Free Movies has launched a series of print advertisements
in the Daily Variety and other publications. This advertisement
first ran in the Daily Variety on November 27, 2006.
One in a series
Deconstructing Philip Morris
Have you read their latest ads? Nick Naylor would be proud. Below, an insider’s guide to PR for the shameless corporate racketeer.
[IMAGE: Mocked up copy of PM USA press release from 11/17/06; text unaltered. The ad consists of call-outs commenting on various parts of the press release.]
In mid-August, a federal judge ruled in U.S.A. v. Philip Morris U.S.A. et al that the company had violated anti-racketeering laws and defrauded the public for half a century.
Brands are trademarks; trademark holders say “cease and desist,” not “please.”
Other companies have written studios protesting brand display; but only after they were pushed to do so by California’s Attorney General. The 1998 Master Settlement Agreement bars paid tobacco brand placement in any medium. Most tobacco in films is now unbranded. Smart.
Actually, more than 60 studies on four continents show that exposure to screen smoking leads teens to start smoking.
Research finds PM USA’s youth campaign also makes kids more likely to smoke.
Notice that this statement comes from PM USA. Does it apply at all PM International, the much larger Altria division actually on record paying for product placement? And if PM USA’s is diving for legal cover, isn’t Hollywood left twisting in the wind?
“G” rating is for “general audiences.” PM brands have shown up in more than two dozen PG and PG-13 films since 1990.
These ads give cynicism a bad name. They appear to suggest that Hollywood is now more pro-tobacco than the world’s largest tobacco company. The remarkable thing is, Big Tobacco doesn’t care how preposterous this sounds.
Soon after the U.S. banned TV commercials for tobacco, Philip Morris and its competitors began systematic product placement programs costing millions of dollars. Despite public pledges and legal agreements, 75% of PG-13 films and 88% of R-rated live-action films since 1998 have featured tobacco.
71% of brands in U.S. films since 1990 belong to Philip Morris; mostly Marlboro, which has 41% market share in reality.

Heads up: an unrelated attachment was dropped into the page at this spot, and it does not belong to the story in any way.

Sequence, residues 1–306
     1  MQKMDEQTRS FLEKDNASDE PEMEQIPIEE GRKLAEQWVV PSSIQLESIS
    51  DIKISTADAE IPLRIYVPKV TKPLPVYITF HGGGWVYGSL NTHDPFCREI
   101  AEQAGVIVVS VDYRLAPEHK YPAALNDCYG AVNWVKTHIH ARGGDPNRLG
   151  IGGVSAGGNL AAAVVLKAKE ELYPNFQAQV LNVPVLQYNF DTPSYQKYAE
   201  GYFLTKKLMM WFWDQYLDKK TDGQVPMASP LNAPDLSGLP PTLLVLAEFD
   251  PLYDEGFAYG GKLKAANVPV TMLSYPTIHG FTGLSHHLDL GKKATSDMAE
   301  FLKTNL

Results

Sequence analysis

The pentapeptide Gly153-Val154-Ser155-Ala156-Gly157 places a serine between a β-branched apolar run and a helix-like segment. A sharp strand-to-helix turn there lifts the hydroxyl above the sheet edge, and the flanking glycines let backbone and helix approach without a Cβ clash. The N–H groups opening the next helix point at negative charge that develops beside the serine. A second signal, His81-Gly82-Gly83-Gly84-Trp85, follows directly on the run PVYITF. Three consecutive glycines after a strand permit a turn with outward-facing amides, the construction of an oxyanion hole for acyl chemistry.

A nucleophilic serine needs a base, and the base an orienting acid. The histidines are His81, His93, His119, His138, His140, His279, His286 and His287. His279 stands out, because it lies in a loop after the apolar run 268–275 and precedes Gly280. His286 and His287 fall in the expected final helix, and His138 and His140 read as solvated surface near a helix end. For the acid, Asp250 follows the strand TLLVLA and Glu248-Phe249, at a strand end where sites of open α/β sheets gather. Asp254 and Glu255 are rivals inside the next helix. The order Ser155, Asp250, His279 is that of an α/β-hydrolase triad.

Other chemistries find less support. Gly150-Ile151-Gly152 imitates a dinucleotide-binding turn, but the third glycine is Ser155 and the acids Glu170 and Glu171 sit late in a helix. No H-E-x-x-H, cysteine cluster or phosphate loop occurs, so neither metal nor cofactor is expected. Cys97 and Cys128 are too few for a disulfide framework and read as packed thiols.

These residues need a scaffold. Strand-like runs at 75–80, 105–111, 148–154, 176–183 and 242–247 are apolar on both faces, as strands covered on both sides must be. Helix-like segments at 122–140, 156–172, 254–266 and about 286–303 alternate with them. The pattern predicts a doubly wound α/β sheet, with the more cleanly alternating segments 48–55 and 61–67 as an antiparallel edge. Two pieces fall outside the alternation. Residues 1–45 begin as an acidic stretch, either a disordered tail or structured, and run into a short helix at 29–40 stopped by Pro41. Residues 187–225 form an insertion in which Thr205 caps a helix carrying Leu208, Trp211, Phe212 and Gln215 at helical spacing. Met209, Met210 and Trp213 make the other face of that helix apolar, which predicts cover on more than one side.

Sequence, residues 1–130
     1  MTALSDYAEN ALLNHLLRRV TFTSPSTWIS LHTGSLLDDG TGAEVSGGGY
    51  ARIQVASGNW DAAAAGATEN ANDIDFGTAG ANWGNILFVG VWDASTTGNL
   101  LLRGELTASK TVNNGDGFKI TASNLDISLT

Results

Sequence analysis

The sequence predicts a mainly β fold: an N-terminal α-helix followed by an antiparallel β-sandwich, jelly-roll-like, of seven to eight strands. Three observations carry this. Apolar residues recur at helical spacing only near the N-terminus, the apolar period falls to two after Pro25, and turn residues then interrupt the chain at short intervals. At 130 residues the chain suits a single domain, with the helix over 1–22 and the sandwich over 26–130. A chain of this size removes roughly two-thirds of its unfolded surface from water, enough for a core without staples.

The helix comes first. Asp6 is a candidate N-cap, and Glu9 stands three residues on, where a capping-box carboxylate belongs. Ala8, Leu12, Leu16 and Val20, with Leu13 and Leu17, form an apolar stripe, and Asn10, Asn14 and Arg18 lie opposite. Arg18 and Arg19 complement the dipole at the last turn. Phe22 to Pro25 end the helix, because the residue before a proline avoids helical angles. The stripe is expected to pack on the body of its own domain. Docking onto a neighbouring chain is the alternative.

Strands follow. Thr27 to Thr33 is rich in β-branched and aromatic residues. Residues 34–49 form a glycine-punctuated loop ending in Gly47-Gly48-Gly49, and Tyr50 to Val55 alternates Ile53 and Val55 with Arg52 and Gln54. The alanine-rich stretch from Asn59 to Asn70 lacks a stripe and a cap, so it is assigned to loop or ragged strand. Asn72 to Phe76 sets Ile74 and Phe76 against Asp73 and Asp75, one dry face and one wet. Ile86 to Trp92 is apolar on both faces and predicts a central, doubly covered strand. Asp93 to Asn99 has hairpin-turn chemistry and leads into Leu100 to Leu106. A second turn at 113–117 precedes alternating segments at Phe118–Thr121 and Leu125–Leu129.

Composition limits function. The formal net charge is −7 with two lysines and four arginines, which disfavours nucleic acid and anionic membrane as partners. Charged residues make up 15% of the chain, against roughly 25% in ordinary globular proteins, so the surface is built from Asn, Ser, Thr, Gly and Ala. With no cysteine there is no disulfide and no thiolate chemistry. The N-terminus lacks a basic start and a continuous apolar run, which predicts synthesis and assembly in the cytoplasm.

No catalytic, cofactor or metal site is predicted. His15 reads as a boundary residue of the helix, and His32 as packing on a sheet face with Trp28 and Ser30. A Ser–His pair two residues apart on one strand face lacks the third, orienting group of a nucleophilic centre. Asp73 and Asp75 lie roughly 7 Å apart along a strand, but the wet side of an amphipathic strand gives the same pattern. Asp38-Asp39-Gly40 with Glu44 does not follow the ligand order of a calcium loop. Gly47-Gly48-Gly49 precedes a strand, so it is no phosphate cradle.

The AMA and others first tried to bar tobacco placement 20 years ago.
Four times [1, 2, 3, 4] in the past four years, the U.S. Centers for Disease Control and Prevention have cited on-screen tobacco has an important reason why the historic decline in teen smoking has stalled. Globally, an unexpected rise in smoking by girls is forcing scientists to revise death projections.[source A, source B]
Leading health authorities in the U.S. and the World Health Organization endorse four policy solutions that can effectively make G/PG/PG-13 movies smokefree and avert 60,000 future tobacco deaths a year in the United States alone. The question is no longer “Why?” but “When?”
Same line used by tobacco companies for decades...
Altria still makes most of its money from tobacco. On-screen smoking’s value to tobacco company sales exceeds $4 billion a year (npv).
The scientific evidence from scores of studies is conclusive: movies sell smoking. Philip Morris was right about the movies. Now prove them wrong about the film community.
Accepted policy solutions at smokefreemovies.ucsf.edu
The R-rating, among other Smoke Free Movies policy proposals, is endorsed by the World Health Organization, American Medical Association, American Academy of Pediatrics, American Heart Association, American Lung Association, American Legacy Foundation, National Parent Teacher Association (PTA), Society for Adolescent Medicine, L.A. County Dept. of Health Services, and others. This project is supported by the Arimathea Fund of the Tides Foundation and other donors. To explore this critical health issue, visit our web site.
Click here for more commentary on PM's strategy.
See the ad.